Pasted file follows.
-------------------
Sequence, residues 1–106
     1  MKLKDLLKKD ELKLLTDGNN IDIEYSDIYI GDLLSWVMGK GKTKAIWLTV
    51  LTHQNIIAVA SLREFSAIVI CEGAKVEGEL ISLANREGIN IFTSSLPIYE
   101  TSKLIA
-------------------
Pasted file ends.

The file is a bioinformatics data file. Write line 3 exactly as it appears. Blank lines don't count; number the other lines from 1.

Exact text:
    51  LTHQNIIAVA SLREFSAIVI CEGAKVEGEL ISLANREGIN IFTSSLPIYE